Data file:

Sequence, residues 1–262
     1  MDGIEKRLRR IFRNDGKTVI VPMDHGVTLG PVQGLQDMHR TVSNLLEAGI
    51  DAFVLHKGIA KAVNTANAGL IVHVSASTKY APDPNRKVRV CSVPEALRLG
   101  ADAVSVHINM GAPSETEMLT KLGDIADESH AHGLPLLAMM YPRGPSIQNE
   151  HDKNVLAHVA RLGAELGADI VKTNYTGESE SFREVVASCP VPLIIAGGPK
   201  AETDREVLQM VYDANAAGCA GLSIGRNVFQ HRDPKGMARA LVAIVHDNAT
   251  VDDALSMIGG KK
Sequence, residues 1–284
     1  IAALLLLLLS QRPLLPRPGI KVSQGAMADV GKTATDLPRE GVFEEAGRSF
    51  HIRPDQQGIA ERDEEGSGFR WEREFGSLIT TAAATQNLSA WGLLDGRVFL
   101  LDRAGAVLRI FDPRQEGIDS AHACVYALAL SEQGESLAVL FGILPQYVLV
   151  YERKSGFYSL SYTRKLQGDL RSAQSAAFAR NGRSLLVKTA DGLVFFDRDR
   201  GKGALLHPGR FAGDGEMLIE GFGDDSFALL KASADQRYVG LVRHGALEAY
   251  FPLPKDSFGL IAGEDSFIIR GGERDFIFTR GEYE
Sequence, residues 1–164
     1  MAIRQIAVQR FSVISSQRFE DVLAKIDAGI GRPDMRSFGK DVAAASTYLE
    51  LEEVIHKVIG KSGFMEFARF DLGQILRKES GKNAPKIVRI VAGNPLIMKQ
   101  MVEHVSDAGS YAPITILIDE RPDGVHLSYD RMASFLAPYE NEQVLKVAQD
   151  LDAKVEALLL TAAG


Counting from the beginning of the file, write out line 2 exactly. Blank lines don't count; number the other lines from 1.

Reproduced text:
     1  MDGIEKRLRR IFRNDGKTVI VPMDHGVTLG PVQGLQDMHR TVSNLLEAGI